Burnout has been a major concern for all workers, but may be particularly concerning and prevalent for healthcare workers. Therefore, we examined healthcare workers before and during the Covid-19 pandemic in order to understand the extent to which the resources that workers had prior to the pandemic would help to buffer the negative impact of Covid stressors on worker health outcomes.
The purpose of this research is to examine the relationship between telework and telework-based work activities, work ability (i.e., job-related functional capacity), and well-being among workers with chronic health conditions (CHCs). The current study uses an experience sampling method to collect real-time assessments of participants? experiences. We expect the results of this study will shed light on the relationship between telework and worker health, as well as provide empirical evidence regarding the extent to which telework is a beneficial accommodation and organizational practice for workers with CHCs.
Informed by person-environment fit theory, this cross-sectional study examined the effects of office design (open-plan vs. enclosed offices) and organizational practices (control, voice) on the job attitudes and well-being of 100 autistic employees. Results indicated that distractions were higher and environmental satisfaction, affective commitment were lower for autistic employees in an open plan office setting than those in enclosed office spaces. Perceived control and voice had significant relationships with attitudinal and well-being outcomes. The practical implications for employers include giving autistic employees the ability to reduce open-plan obstacles in ways they see fit, while also championing organizational practices to increase fit.
This study explores how the stressful environment of working in a prison, particularly in regard to the need to manage emotions (emotional labor), and personal resources (in the form of personal sense of coherence) affect occupational burnout. Using data from a sample of 169 correctional staff members who participated in an ongoing study of health and well-being among staff at state correctional facilities, we examine whether work-based emotional labor is related to the emotional exhaustion component of burnout, and whether personal sense of coherence (SOC) has a protective effect by buffering the impact of emotional labor on burnout-exhaustion.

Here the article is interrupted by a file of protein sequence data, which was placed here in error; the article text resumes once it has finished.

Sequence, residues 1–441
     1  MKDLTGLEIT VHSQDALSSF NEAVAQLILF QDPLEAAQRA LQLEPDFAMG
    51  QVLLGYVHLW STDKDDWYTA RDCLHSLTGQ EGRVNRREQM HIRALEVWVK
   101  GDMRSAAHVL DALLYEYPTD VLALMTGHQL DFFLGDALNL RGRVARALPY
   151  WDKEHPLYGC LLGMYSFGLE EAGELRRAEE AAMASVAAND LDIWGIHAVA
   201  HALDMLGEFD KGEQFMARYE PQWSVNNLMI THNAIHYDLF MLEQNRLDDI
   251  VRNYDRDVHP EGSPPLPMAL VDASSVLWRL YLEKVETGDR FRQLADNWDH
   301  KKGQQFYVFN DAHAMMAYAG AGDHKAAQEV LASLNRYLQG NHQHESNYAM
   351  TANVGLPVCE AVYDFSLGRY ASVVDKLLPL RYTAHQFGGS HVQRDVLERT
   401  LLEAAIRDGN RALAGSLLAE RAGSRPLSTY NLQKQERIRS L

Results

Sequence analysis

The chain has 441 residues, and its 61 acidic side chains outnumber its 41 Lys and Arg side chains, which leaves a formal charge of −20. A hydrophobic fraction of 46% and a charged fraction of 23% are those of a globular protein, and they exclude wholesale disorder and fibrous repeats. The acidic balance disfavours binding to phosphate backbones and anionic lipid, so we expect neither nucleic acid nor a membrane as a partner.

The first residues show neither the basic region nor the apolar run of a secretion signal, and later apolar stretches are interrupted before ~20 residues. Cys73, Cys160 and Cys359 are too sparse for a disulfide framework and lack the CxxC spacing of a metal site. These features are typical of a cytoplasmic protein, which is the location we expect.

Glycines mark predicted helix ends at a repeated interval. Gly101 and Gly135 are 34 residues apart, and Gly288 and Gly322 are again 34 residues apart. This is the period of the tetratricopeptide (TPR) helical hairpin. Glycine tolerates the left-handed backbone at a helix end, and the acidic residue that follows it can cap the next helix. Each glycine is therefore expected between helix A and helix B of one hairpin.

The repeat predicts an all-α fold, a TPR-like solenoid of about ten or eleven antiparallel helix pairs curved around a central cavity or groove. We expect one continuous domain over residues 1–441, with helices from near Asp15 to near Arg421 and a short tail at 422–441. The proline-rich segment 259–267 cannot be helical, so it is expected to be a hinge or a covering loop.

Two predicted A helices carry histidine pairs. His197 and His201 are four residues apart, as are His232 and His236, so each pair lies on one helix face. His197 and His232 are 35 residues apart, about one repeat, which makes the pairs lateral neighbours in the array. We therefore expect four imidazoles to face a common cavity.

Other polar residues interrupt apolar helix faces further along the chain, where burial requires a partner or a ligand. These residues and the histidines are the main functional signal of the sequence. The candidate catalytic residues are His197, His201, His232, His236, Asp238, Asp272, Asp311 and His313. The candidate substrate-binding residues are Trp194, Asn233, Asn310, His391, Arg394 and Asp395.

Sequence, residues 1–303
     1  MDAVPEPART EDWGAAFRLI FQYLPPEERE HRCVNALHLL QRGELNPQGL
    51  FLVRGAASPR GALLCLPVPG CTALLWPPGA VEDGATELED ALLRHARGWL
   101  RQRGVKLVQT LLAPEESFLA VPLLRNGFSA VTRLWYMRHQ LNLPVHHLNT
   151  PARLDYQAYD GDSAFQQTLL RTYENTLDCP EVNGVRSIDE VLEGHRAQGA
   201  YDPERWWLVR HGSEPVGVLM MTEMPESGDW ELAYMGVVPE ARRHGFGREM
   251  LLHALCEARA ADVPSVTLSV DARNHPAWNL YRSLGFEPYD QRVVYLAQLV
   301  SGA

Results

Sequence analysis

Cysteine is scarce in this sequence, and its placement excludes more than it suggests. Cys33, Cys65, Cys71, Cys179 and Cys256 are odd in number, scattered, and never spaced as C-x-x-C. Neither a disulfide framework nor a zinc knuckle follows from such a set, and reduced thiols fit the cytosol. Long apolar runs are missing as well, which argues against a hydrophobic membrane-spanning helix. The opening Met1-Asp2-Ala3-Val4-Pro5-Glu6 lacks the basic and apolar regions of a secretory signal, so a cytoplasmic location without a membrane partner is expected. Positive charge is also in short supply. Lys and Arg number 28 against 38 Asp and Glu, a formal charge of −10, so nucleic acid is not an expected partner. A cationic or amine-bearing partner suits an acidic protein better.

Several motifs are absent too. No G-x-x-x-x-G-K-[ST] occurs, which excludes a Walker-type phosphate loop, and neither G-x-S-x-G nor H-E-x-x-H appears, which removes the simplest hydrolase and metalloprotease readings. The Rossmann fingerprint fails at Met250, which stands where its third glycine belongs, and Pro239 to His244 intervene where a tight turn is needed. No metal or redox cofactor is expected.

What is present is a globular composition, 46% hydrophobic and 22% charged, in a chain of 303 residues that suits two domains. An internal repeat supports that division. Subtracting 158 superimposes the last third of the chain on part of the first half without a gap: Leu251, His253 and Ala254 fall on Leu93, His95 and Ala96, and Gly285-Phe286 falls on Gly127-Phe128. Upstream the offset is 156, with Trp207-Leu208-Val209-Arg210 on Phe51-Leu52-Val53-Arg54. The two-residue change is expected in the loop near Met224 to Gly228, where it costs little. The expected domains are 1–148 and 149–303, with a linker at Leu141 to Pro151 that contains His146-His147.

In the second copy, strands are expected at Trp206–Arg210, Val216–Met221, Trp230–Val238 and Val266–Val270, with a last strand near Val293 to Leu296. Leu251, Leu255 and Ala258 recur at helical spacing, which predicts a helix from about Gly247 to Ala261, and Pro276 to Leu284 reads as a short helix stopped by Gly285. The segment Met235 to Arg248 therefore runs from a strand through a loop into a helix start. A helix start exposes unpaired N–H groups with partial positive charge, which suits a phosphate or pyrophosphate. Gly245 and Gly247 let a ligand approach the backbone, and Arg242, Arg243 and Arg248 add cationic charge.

The purpose of the current research was to examine the relationship between health climate, safety climate and well-being before and during the pandemic and the relationship with a TWH leadership training. We developed a COVID-19 Employee Impact Survey to send to an existing cohort of small business employees in May and September 2020. A decline in mean well-being score was observed between baseline and the COVID I survey (May 2020) while health and safety climates did not exhibit the same changes. As businesses continue to adapt to the operational changes that are brought about by the COVID-19 pandemic, it is more important than ever for organizations to focus on the safety and health of their employees.
In this study conducted in a mixed population of non-clinical and clinical healthcare staff, we examined the association of depression with preventable work environment factors using a novel mediation analysis approach. We found that emotional labor (SaEL), emotional exhaustion, job strain, and work family interference were positively associated with depression while perceived organizational support for safety and work role functioning were negatively associated. The association between emotional labor and depression was strongly mediated through emotional exhaustion. These findings suggest that interventions regarding SaEL are needed for HCWs in order to reduce emotional exhaustion and consequently decrease the risk of depression. Further longitudinal studies are needed to verify these associations.